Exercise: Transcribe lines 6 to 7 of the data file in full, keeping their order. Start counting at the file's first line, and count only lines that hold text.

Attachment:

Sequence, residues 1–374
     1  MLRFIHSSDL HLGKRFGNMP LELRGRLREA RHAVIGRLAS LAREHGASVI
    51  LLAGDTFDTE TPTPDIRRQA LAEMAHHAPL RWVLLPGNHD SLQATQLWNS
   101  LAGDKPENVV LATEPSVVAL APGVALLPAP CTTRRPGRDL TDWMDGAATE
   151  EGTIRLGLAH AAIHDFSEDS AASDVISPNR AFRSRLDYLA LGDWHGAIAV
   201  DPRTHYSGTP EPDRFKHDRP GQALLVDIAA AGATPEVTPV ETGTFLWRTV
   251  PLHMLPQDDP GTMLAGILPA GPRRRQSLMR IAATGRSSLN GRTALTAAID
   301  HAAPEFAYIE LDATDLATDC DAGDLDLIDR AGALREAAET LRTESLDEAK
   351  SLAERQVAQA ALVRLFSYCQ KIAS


   201  DPRTHYSGTP EPDRFKHDRP GQALLVDIAA AGATPEVTPV ETGTFLWRTV
   251  PLHMLPQDDP GTMLAGILPA GPRRRQSLMR IAATGRSSLN GRTALTAAID